The 84th Annual Council of the Nova Scotia Teachers Union wrapped up Sunday in Halifax. Over two-and-a-half days, some 250 voting delegates debated more than 100 resolutions dealing with issues ranging from more resources for the provinceâ€™s classrooms to the health of teachers and students.
â€œEven with the additional monies for education in this yearâ€™s provincial budget, Nova Scotia still has a long way to
go to catch up to public education funding levels in the rest of Canada,â€ says NSTU president Mary-Lou Donnelly. â€œPer-student funding for education has been at or near the bottom of all Canadian provinces and territories for too many years. The system is showing the strain and teachers, on the front-line of education, are feeling the strain. Our students deserve better. They deserve the same educational opportunities as other Canadian children.â€
Several resolutions specifically addressed the need for more resources in support of students with special needs.
â€œNSTU members are concerned that government has not committed sufficient funds to fulfil the requirements of its special education policy,â€ says Donnelly. â€œWhile we welcome the promise of more specialists and support for inclusion contained in the recent provincial budget, the need for more professional development and time for individual program planning is obvious to teachers working in the classrooms of this province.â€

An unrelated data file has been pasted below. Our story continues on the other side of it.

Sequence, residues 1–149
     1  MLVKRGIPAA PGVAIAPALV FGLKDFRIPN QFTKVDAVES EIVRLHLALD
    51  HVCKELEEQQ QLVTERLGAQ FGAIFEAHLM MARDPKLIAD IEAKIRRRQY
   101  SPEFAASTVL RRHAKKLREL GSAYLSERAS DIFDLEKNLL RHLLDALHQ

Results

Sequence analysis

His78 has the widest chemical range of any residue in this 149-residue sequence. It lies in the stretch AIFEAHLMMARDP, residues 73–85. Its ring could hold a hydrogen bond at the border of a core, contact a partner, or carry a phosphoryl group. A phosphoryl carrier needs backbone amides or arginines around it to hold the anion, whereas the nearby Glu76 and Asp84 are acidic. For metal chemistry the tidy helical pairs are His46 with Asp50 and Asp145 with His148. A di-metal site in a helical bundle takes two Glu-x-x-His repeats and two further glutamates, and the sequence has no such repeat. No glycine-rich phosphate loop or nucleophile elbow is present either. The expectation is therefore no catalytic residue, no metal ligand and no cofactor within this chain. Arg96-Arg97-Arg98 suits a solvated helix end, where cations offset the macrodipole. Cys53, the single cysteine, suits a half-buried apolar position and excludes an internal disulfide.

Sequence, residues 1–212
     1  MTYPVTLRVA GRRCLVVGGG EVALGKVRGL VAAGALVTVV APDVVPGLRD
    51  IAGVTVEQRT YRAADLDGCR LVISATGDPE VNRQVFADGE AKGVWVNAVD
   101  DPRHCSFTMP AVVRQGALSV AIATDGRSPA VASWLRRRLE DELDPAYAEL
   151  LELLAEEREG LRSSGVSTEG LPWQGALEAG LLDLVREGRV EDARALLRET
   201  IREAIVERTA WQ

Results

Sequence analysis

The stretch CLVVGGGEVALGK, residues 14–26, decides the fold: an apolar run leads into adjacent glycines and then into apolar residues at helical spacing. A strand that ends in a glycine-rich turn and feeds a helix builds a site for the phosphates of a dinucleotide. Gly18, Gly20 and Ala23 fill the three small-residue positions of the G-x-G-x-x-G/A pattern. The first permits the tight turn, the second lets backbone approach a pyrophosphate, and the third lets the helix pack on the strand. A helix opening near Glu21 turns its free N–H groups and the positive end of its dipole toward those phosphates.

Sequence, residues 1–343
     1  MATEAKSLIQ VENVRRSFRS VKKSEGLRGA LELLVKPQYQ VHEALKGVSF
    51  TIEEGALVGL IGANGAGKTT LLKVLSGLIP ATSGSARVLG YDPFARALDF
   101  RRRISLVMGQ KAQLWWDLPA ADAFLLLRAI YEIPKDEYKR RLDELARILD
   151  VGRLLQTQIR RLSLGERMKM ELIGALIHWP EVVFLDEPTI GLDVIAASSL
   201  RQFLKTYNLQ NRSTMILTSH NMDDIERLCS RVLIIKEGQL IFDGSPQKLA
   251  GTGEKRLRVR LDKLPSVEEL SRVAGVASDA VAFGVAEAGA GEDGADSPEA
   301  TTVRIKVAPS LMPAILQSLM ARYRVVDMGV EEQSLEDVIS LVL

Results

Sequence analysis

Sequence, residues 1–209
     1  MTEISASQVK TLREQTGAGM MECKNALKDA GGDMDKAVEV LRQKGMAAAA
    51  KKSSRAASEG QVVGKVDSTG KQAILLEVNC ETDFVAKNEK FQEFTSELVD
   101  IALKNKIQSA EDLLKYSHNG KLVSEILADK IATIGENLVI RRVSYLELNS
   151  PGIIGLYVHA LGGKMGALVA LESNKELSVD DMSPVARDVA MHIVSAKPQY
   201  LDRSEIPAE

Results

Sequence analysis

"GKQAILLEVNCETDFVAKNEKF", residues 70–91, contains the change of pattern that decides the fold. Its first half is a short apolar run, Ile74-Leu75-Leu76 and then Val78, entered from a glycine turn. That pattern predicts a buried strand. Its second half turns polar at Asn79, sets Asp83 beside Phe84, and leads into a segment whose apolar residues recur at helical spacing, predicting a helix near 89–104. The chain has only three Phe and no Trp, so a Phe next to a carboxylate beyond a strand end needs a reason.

Also of concern to delegates was the amount of out-of pocket expenses teachers face in providing classroom resources. Delegates passed a resolution calling upon the NSTU to lobby the province for a reasonable tax credit for teachers who pay for needed classroom supplies. The government of Prince Edward Island recently introduced a similar credit for that provinceâ€™s teachers.
The NSTU will also lobby the provincial department of health to consider teachers as being in the high risk category for influenza and therefore eligible for free vaccinations.
Delegates also took the opportunity to praise government on one of its measures. Teachers resoundingly affirmed their support for an initiative to provide healthy food choices in schools across the province.
Delegates unanimously re-elected Alexis Allen as NSTU first vice-president for a second one-year term. Allen teaches history at Lockview High School in Fall River.